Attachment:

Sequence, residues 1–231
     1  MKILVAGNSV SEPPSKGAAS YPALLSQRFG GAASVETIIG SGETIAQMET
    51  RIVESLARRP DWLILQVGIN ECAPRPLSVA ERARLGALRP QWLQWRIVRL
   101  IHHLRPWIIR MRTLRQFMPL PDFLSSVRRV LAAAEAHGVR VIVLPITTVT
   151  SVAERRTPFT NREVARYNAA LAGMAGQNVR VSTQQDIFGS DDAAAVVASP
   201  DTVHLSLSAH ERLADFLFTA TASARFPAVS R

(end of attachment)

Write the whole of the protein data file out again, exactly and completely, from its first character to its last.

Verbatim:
Sequence, residues 1–231
     1  MKILVAGNSV SEPPSKGAAS YPALLSQRFG GAASVETIIG SGETIAQMET
    51  RIVESLARRP DWLILQVGIN ECAPRPLSVA ERARLGALRP QWLQWRIVRL
   101  IHHLRPWIIR MRTLRQFMPL PDFLSSVRRV LAAAEAHGVR VIVLPITTVT
   151  SVAERRTPFT NREVARYNAA LAGMAGQNVR VSTQQDIFGS DDAAAVVASP
   201  DTVHLSLSAH ERLADFLFTA TASARFPAVS R